Second Calvary Baptist Church in Columbia, S.C, along with its James M. Hinton Foundation, was awarded a $3,600 grant toward the regular purchase of food for “Sacks of Love” for 20 students from the Alcorn Middle School in the northern section of the city. Since the program began, it has distributed 10,000 meals, 4,500 of them during the 2015-2016 academic year.
“This area is designated as one of the highest poverty areas in the city and state,” explains Donald Thomas, who chairs the Foundation’s board. “The grant also makes it possible for us to furnish the students with school supplies, such as paper, notebooks, pens and pencils.”
Some congregation volunteers take care of packaging the “Sacks of Love” at the church each week. Others take turns delivering the bags to the school for students to take home. A typical “sack” contains milk, fruit punch, chicken alfredo, crackers, beef stew, macaroni, apple sauce, chili with beans, snack bars and fruit. Items vary from month to month. Birthday cards and invites to church are also furnished.
“The sacks of Love Program has been a tremendous support for our students,” Alcorn’s principal said. “There are so many students who are not able to partake of nutritious meals on the weekends. Those who receive meals through the program excitedly await the meals on Fridays when they are distributed. Research states that children who eat balanced meals regularly tend to perform better academically and socially. The Sacks of Love Program supports that research heavily.”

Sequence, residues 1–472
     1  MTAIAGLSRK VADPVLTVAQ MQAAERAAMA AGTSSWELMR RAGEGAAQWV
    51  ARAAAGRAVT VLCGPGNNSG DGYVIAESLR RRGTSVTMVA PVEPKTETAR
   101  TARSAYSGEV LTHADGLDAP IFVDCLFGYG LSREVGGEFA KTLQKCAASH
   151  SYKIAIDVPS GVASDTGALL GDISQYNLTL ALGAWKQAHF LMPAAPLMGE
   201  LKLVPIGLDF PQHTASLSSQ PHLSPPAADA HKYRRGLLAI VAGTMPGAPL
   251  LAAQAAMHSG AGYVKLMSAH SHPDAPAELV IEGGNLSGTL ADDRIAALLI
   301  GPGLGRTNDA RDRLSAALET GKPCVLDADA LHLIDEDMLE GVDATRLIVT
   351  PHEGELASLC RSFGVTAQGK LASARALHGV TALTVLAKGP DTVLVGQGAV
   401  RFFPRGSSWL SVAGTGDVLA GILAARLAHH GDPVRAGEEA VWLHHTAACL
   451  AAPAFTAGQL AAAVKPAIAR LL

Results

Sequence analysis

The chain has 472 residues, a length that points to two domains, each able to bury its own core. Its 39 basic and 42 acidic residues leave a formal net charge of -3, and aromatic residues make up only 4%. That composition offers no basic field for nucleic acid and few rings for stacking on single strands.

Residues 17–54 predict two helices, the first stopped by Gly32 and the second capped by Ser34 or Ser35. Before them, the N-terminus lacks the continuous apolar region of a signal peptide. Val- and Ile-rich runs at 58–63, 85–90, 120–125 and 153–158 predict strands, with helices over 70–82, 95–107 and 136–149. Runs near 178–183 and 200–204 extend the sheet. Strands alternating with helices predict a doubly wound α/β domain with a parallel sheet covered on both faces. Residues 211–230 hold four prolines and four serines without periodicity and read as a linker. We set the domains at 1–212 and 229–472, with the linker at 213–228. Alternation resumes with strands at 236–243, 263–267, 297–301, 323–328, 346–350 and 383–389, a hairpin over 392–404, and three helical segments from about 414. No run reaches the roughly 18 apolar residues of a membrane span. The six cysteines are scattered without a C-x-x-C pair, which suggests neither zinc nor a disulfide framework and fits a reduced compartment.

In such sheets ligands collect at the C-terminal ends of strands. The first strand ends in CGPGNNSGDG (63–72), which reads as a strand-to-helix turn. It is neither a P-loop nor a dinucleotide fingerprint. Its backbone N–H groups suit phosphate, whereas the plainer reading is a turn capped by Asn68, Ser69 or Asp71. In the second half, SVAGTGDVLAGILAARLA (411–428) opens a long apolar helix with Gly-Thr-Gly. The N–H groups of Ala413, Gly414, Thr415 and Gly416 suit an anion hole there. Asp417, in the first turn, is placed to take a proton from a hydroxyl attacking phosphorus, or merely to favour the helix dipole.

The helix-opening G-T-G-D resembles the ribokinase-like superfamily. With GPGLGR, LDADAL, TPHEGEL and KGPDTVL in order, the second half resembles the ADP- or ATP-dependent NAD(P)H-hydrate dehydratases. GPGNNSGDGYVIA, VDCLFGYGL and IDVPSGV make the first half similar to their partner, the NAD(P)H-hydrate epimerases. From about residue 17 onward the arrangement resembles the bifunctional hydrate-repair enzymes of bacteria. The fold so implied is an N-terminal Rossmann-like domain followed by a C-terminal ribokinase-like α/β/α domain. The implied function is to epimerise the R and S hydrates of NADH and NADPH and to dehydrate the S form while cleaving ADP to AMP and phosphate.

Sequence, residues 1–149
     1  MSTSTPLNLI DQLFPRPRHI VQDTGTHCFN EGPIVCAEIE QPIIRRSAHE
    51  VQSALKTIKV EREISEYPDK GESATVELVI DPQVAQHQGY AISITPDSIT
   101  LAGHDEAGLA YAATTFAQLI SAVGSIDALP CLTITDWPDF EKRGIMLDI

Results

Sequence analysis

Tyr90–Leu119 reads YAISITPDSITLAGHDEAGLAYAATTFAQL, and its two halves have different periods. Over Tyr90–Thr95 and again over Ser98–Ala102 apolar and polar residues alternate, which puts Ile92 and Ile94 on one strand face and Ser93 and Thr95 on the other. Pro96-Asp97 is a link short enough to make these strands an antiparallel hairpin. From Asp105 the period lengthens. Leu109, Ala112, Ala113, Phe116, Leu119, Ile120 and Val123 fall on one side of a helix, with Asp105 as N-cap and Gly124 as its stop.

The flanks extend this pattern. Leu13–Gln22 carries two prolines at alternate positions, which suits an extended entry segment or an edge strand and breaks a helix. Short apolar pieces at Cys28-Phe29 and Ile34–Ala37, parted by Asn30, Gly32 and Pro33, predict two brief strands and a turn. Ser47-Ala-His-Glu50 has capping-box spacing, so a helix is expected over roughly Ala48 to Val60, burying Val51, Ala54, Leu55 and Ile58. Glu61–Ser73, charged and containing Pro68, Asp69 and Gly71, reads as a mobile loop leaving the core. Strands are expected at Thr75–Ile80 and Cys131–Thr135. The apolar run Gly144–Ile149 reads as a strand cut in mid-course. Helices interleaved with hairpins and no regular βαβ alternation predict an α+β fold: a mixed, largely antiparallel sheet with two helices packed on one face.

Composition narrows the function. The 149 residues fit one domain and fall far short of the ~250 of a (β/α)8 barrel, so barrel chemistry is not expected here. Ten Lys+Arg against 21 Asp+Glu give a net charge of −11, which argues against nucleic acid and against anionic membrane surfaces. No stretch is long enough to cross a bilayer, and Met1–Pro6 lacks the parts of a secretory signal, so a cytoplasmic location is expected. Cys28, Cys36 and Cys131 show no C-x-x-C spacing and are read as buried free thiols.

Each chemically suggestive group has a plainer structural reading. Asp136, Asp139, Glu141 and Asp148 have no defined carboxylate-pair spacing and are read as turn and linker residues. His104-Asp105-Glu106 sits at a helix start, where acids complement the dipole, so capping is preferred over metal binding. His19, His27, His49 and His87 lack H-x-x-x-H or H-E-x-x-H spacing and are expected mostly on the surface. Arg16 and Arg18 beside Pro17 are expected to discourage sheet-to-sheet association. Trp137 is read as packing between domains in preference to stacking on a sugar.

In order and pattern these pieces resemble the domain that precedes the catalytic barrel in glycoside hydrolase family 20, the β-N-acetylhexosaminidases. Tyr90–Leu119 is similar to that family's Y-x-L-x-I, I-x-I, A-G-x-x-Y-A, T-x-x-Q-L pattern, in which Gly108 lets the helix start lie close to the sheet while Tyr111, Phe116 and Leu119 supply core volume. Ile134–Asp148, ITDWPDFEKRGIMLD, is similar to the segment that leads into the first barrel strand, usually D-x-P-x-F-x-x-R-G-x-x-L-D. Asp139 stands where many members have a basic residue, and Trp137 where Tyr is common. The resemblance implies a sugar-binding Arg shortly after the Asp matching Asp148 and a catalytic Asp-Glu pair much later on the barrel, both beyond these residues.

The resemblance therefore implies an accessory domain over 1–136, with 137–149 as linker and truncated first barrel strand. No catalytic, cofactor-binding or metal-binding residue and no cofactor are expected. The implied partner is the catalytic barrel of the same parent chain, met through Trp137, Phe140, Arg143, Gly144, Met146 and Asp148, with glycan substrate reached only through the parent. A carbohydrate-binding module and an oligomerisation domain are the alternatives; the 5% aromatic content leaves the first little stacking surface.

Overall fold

“We know that we can always depend on Friday to help get us through the weekend,” one parent told the school. Another parent said, “Since we started receiving the snack pack, I can rest assured that my children will have a nutritious meal over the weekend. All they have to do is pop the items in the microwave while I am at work. I know that they will be taken care of. Thank you for starting this program!”
In Frankford, W.Va., Send the Light Community Fellowship was awarded a $1,300 Matthew 25 Grant to sponsor “Love in a Brown Bag.” The program began in December 2015.
“We give all the late bus students from Frankford Elementary School a brown bag full of pre-packaged food every Friday for the weekend, as many we know would go hungry when they are not being fed at school,” says the Rev. James L. Anderson, Jr., president of the Fellowship. “Many of these students live an hour or more away from the school and are our most at-risk students when dealing with hunger and other distressing problems.” The grant is being supplemented with generous donations from other churches, businesses, civic groups and concerned individuals ”so that we have enough funds to keep the program going until the end of the academic year,” Anderson says. Volunteers packaging the brown bags meet every Saturday for Bible study and for preparing bags for the week ahead.
“Thank you so much for approving this grant for us,” Anderson says. “We want you to know that the Kingdom work through our fellowship is thriving due to your generosity and thoughtfulness.”
The Matthew 25 Grant initiative, sponsored by ABCUSA and the Board of General Ministries, is funded by a generous, anonymous donor whose goal is to help meet the needs of “housing, feeding, education and health with regard to the less fortunate.” In Fall 2015, a total of 69 applicants received funding ranging from $500 to $5,000 with a total awarded of $169,140. Grant applications are welcomed once annually by September 1 with the only requirement being an ABCUSA connection.
The Matthew 25 Grant process is structured to help small ministries with limited staff time. For more information on the grant and application process visit: http://www.abc-usa.org/matthew25/.